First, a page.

It will now be convenient to introduce new names, in order to value the fraction. You perceive, that the number which we employed as divisor, we have written under the line, and the number employed as divi dend, is above the line. If our divisor be 2, our quotient is one-half of the dividend; if our divisor be 3, the quotient is one-third of the dividend. Thus it is plain, that in whole numbers, the divisor gives name to the quotient. The same is true when we imply division and write the numbers in the form of a fraction. Our divisor in this example is 2. and
our quotient is one-half of the dividend : it is also one-half of a unit. The unit is divided into two parts; our quotient is now denominated; we therefore call the figure below the line, denominator, or namer, because it gives name to the parts into which the unit is divided. Thus we have our fraction named, or denominated; but what is its value? It is halves, but how many halves does it contain? Evidently one, which the figure above the line shows. We have now the fraction denominated or named, and numbered. Its denomination is halves, and their number is one. Making use of the figure above and below the line in one expression, we call the fraction one half, or one-half. Thus you perceive that numerator is the same as dividend, and denominator the same as divisor. And, as in division multiplying the dividend increased the quotient, so in fractions, multiplying numerator increases the value of the fraction. Thus:
1. 22=1 Let the scholar write numbers in this manner, side by side, and be exercised, as in division, by multiplying dividend and divisor, numerator and denominator, employing the language of division and the language of fractions, until he is practically familiar with the fact that the principle employed in fractions and whole numbers is the same.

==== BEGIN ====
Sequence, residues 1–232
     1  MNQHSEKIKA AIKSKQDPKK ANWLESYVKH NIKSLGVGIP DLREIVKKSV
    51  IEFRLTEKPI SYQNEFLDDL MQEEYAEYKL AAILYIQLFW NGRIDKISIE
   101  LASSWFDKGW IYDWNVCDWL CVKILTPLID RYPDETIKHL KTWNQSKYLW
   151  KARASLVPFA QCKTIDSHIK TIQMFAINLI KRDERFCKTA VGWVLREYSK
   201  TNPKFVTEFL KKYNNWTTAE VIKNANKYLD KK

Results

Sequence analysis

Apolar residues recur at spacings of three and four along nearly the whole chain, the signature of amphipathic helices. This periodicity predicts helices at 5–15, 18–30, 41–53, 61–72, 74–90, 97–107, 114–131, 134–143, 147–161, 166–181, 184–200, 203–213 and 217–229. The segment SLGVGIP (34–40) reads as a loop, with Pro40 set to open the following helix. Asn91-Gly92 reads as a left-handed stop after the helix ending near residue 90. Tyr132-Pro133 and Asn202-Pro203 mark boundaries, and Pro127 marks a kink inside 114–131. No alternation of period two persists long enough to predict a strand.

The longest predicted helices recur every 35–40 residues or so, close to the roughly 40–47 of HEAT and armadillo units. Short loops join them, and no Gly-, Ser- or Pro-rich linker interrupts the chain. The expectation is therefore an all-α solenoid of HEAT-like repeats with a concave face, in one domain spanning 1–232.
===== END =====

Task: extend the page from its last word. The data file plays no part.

Whenever new names are introduced, and new positions employed, let the different forms be written side by side, and extra exercises be given, until the scholar clearly perceives the unity of the principle. (See example under Art. 147.) In Decimal Fractions, also, the points in which they are like whole numbers and common fractions, and points in which they differ, are distinctly brought out as the scholar proceeds, and then, at the close, those points are presented in one general view. In Proportion, new names and new positions are again employed. Let the same pains be taken to contrast the new positions with the former, and to explain the new terms introduced.
It cannot be expected that a School Arithmetic, limited in size as it must be, should exhaust its subjects, or give all those illustrations which might be both interesting and useful. The most it can do upon any one subject is to give a single illustration of a principle, a formula of a particular mode of teaching. And that text-book is the best, which by its connection of thought and subjects, and illustration of principle, interests both teacher and scholar, and incites the teacher to invent new modes for himself. Teachers are here presented with an Arithmetic which is the result of much experience in teaching and effort at improvement.
It has been the purpose and aim of the author to prepare a work which should accord with the spirit of the age, and be adapted to the schoolroom. It is not expected, nor is it desirable, that the teacher should be confined to the forms laid down in the book. They are designed simply to open the subject-to serve as hints to something better. The peculiar mode of stating questions for the convenience of cancelling and for illustrating fractions as wl'ole numbers, teachers oan